Ecological Archives E096-149-A9

Joseph A. LaManna, Amy B. Hemenway, Vanna Boccadori, and Thomas E. Martin. 2015. Bird species turnover is related to changing predation risk along a vegetation gradient. Ecology 96:16701680. http://dx.doi.org/10.1890/14-1333.1

Appendix I. Conifer removal effects on nest predation rates of bird species.

Table I1. Conifer removal effects on nest predation rates of bird species in western Montana, USA. For each species, the χ² statistic and corresponding p value from likelihood ratio tests, which tested the significance of a treatment-by-time (before/after conifer removal) interaction compared with a null model, are presented. Also presented are the estimated daily nest predation rates (DNPR) in treatment stands before and after conifer removal after correcting for changes in nest predation rates on control plots. This difference was then transformed into a percent difference (% Change ±1 SE). Sample size of nests for each species (n) is also provided. Significant effects (p < 0.05) are bolded and marginally significant effects (p < 0.10) are italicized. Bird species are ordered according to effect size of PC axes on density (see Appendix E).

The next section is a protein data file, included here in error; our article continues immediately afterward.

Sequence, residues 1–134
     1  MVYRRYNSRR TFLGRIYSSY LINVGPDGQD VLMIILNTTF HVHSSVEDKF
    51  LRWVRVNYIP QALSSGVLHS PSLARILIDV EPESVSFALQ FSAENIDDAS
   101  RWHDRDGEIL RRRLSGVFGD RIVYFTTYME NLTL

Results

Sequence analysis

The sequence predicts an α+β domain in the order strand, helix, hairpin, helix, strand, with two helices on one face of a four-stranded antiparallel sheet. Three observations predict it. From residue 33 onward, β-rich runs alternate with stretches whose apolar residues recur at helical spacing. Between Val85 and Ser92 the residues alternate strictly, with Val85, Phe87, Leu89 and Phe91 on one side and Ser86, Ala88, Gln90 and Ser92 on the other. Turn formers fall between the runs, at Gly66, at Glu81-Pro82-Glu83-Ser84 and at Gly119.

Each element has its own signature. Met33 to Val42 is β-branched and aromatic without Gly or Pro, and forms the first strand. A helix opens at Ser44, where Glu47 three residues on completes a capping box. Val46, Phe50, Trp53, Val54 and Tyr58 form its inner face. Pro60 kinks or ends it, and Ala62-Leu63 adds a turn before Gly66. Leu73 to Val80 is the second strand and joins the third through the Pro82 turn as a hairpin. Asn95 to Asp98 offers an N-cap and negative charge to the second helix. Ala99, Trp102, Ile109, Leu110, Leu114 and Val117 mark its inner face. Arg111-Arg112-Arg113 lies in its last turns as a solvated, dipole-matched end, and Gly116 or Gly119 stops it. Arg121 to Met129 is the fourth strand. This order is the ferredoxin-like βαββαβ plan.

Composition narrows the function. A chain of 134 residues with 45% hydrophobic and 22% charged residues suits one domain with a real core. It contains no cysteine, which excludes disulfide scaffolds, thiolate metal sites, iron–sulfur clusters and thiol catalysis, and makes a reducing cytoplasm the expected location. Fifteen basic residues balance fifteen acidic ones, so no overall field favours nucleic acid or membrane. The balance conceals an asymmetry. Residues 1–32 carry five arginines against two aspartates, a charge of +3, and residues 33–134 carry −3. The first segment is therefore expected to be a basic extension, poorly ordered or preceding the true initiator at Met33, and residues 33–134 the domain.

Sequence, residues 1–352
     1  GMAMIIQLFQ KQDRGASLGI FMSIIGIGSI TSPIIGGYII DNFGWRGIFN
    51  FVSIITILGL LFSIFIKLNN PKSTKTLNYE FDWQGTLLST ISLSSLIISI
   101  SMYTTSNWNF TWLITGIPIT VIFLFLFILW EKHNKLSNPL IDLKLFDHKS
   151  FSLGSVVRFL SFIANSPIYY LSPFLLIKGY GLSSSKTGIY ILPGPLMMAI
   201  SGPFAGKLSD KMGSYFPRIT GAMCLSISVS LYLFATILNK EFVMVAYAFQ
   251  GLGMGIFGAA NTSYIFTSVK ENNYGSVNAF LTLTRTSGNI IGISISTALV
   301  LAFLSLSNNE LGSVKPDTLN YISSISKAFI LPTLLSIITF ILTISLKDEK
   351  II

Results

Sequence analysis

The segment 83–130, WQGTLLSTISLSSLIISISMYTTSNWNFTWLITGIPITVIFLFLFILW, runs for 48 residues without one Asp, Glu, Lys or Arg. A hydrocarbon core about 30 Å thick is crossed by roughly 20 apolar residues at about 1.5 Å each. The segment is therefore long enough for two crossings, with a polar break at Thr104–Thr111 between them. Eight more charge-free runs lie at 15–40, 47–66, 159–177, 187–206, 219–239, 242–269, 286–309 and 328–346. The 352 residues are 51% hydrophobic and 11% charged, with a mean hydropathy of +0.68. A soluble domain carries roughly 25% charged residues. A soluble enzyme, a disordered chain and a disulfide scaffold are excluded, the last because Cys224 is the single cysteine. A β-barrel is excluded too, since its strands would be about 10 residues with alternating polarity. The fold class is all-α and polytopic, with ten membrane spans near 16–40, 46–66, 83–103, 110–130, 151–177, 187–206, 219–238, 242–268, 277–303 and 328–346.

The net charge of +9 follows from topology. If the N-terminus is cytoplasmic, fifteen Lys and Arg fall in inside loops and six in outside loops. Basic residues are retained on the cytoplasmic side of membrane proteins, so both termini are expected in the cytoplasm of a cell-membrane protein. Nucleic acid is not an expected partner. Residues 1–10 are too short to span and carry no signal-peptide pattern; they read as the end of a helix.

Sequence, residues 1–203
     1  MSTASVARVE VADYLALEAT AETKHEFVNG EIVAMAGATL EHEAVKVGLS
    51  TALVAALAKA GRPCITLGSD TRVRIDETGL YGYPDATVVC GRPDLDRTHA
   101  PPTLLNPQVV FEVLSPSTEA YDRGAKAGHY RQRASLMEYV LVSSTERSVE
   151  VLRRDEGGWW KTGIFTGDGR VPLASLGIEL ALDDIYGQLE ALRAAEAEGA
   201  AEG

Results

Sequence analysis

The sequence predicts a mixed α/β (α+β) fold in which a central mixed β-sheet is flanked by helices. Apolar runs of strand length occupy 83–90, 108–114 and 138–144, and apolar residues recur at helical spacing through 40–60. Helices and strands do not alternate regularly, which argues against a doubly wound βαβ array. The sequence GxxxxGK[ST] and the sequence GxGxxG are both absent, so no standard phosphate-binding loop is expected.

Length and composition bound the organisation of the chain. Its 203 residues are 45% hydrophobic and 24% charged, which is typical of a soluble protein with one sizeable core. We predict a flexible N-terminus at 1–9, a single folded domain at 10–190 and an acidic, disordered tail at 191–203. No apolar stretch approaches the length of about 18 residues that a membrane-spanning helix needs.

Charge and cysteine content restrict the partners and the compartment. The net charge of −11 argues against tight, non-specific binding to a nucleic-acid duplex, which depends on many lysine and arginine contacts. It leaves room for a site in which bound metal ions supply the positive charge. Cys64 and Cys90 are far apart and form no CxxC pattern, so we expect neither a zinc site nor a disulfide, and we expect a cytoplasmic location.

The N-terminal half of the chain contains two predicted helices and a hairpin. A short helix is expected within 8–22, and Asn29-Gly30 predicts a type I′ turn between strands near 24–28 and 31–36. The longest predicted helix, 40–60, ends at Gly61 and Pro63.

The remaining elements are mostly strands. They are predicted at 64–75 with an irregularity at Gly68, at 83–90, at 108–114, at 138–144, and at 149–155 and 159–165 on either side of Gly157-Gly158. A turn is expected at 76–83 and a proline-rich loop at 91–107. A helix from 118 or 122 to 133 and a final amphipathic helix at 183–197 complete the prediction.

Species

χ²

p value

DNPR Before

DNPR After

% Change

% Change SE

n

Mountain Chickadee

1.62

0.203

0.022

0.002

-89.0%

69.6%

50

Chipping Sparrow

2.57

0.109

0.013

0.038

66.0%

43.8%

33

Dark-eyed Junco

3.91

0.048

0.037

0.013

-64.4%

34.9%

54

Dusky Flycatcher

4.27

0.039

0.030

0.007

-77.9%

39.0%

106

Warbling Vireo

12.60

0.000

0.026

0.001

-96.5%

29.4%

185

American Robin

3.03

0.082

0.042

0.014

-67.4%

40.7%

124


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